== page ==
Citizens, I had planned to move forward with a Turkish recipe incorporating Musk (the perfume, not the billionaire) today as part of our week of recipes using rare perfume ingredients. However, I shall instead bump that to the post AFTER this one, as the inspiration for this recipe hit serendipitously as I was watching TV yesterday!
From the comfort of my royal divan, I discovered a recipe for Juniper-smoked lobster on one of my favorite shows, ‘New Scandinavian Cooking’ and decided I could modify it to be even more delicious! Plus, it does indeed fit perfectly in this week’s theme! 🙂
A juniper berry is the female seed cone produced by the various species of junipers. It is not a true berry but a cone with unusually fleshy and merged scales, which gives it a berry-like appearance.
The cones from a handful of species, especially Juniperus communis, are used as a spice, particularly in European cuisine, and also give gin its distinctive flavor. Juniper berries may be the only spice derived from conifers.
The flavor profile of young, green berries is dominated by pinene; as they mature this piney, resinous backdrop is joined by what Harold McGee describes as “green-fresh” and citrus notes.
The outer scales of the berries are relatively flavorless, so the berries are almost always at least lightly crushed before being used as a spice. They are used both fresh and dried, but their flavor and odor are at their strongest immediately after harvest and decline during drying and storage.
Juniper berries are used in northern European and particularly Scandinavian cuisine to “impart a sharp, clear flavor” to meat dishes, especially wild birds (including thrush, blackbird, and woodcock) and game meats (including boar and venison). They also season pork, cabbage, and sauerkraut dishes. Traditional recipes for choucroute garnie, an Alsatian dish of sauerkraut and meats, universally include these berries.
Besides Norwegian and Swedish dishes, juniper berries are also sometimes used in German, Austrian, Czech, Polish and Hungarian cuisine, often with roasts (such as German sauerbraten). Northern Italian cuisine, especially that of the South Tyrol, also incorporates the ingredient.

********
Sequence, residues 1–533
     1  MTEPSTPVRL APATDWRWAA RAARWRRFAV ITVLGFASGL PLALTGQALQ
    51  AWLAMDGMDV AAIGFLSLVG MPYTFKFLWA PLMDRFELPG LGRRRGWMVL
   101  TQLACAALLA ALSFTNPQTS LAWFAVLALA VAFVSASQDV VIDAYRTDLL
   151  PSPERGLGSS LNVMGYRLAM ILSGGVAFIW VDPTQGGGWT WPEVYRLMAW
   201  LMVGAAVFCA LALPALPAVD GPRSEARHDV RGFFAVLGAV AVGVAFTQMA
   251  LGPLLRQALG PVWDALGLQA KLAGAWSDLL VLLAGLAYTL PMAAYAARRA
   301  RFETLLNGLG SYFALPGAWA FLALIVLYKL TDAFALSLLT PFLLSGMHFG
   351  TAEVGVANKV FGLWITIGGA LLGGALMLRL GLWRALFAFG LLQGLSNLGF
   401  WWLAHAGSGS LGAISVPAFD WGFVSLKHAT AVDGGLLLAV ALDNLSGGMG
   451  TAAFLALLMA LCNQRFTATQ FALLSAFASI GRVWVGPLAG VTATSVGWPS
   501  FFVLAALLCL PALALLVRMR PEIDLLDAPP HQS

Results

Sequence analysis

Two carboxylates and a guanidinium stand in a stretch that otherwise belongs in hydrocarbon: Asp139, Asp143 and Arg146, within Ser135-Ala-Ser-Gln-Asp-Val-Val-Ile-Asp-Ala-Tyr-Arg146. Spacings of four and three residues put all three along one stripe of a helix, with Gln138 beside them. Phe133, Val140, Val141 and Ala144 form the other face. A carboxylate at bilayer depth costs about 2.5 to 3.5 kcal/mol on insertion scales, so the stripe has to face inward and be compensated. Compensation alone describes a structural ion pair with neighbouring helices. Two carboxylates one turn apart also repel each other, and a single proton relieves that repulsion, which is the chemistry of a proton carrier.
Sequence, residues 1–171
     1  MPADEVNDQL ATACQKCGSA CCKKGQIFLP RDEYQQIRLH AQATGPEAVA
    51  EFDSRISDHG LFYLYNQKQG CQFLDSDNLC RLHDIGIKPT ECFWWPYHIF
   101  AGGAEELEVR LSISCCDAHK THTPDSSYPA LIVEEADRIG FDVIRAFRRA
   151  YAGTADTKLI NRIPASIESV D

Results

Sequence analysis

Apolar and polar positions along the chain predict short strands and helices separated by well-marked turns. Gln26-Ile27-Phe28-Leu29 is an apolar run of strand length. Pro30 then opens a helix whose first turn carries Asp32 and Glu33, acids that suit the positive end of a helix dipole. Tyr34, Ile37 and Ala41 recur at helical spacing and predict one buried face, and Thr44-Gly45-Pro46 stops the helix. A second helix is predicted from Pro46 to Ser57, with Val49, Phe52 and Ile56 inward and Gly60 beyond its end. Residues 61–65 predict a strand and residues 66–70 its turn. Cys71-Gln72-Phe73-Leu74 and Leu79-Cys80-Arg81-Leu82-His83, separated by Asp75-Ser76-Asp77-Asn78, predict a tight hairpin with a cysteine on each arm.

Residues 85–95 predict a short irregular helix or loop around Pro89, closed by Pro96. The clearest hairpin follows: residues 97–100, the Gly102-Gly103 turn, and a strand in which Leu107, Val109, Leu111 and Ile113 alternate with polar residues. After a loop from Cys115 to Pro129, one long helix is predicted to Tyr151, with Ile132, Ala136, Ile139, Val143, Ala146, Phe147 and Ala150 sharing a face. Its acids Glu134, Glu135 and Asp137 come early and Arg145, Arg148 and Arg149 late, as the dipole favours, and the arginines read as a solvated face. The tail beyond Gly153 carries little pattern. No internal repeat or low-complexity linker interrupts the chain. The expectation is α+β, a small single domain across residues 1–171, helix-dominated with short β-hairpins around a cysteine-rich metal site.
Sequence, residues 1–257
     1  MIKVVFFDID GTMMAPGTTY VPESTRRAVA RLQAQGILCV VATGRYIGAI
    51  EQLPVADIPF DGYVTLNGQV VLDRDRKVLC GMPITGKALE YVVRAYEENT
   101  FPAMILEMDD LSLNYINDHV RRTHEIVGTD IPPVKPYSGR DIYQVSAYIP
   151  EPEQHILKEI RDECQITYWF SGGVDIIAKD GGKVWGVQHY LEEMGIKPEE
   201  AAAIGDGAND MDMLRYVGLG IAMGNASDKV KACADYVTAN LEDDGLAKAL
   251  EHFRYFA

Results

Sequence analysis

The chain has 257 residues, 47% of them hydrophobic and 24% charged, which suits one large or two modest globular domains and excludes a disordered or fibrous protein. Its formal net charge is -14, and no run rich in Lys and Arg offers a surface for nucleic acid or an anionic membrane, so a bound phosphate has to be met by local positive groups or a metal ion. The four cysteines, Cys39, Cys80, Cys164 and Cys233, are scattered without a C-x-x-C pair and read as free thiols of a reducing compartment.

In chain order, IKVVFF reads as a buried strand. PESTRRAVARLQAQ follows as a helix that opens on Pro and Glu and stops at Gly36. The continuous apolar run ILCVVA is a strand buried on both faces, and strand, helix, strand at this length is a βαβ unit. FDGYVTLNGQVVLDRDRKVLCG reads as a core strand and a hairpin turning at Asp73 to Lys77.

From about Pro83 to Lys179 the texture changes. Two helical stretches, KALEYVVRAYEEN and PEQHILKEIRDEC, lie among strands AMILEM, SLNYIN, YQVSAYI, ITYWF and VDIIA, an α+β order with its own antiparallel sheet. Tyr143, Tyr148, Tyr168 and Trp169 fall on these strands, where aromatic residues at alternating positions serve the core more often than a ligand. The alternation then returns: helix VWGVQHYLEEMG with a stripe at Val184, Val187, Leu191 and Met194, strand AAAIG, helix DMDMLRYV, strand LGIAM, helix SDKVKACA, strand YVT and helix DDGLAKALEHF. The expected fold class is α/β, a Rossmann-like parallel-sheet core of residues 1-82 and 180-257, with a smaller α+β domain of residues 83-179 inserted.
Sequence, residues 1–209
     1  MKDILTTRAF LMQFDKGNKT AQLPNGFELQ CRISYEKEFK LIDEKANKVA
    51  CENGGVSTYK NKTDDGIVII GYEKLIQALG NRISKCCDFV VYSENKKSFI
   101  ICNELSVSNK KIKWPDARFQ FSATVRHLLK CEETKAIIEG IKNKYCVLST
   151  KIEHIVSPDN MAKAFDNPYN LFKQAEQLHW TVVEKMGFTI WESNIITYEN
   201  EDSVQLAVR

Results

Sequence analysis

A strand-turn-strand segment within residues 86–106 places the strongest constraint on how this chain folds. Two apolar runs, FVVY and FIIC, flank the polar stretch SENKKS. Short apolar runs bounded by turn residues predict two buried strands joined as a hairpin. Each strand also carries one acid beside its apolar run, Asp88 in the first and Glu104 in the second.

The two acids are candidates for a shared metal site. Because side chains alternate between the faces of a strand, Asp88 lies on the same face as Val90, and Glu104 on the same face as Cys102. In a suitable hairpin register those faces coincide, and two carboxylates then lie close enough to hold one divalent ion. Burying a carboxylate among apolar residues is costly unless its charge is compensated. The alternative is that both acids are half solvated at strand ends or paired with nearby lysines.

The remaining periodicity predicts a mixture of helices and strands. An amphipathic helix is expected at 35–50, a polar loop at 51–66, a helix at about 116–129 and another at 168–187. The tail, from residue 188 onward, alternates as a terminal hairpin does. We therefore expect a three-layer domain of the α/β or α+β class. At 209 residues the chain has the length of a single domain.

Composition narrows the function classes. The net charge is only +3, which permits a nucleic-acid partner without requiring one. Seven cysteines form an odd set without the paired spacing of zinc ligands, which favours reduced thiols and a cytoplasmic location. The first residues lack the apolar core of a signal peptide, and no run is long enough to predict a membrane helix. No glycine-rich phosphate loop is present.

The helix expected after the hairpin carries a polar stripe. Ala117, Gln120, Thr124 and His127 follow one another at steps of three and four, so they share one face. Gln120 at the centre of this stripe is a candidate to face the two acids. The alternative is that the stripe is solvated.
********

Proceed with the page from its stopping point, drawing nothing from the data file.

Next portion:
As noted on perfumesociety.org:
Think: ‘gin’. Because – as with that spirit – the juniper berry adds a bracing, exhilarating touch to fragrances. (When you smell gin, you’re basically smelling juniper, actually.) It has a touch of pine to it: a bit sappy, a touch bitter, but definitely fresh – and powerful, so it’s generally used in small doses.
The berries are harvested from a small, shrub-like tree which belongs to the cypress family. It’s a harvest for patient souls: juniper berries (which can be blue, red-brown or orange) take three years to ripen, and are steam-distilled to release their pungency.
Aromatherapeutically, juniper is used for arthritis, sore muscles, poor circulation and (when sniffed) as a ‘pick-me-up’ – and as a perfume ingredient, it certainly revs up a composition. Thanks to its aromatic edge, you’re most likely to be intoxicated by it in ‘shared’ (or masculine) creations. Perfumer Christine Nagel – now working in-house for the Hermès brand – explains that juniper brings ‘freshness and sharpness’ to a creation…
Smell juniper in:
Bond No. 9 Brooklyn
Cartier Les Heures de Cartier L’Heure Brilliant VI
Demeter Gin & Tonic
Penhaligon’s Juniper Sling
Check out all the amazing recipes from New Scandinavian Cooking at www.newscancook.com. Season 8 features a different host – Chef Niklas Ekstedt, a Swedish Michelin-starred chef, cookbook author and television host.
Chef Niklas owns three top restaurants in Sweden and hosted the popular cooking series MAT (“food” in Swedish), as well as other culinary programs in his home country. His juniper-smoked lobster really inspired me, but I heavily tweaked his recipe and have made it my own! 🙂 You’ll need some Icelandic Birch-smoked salt for this recipe – please note that I don’t call for quantities in this recipe, as I think portion size is up to the Chef and how/when you serve this in your dinner.
I hope you enjoy this scent of the Nordic region in my recipe and watch for more perfumed recipes to come shortly! You might want to pair this with another Scandinavian recipe from the show – Svalbard beet soup with goose stock!
Battle on – the Generalissimo
Citizens, please note that I can no longer afford to absorb the nearly $1000 per month it costs to keep the site running smoothly, including marketing expenses, etc. There is, however, a solution that benefits us all – one that will help to avoid the only other alternative, which is to add obnoxious ads throughout the site.
Become a Citizen Prime for only $4 per month and receive exclusive recipes, 3 free historic cookbook scans, discounts from TFD sponsors and so much more! For less than the cost of 1 Starbucks coffee, you can keep TFD Nation strong and proud! Details are here.
You can also show your support by listening to our podcasts, liking them, and sharing as you see fit – try them out here.
We are sorry that this post was not useful for you!
Let us improve this post!
Tell us how we can improve this post?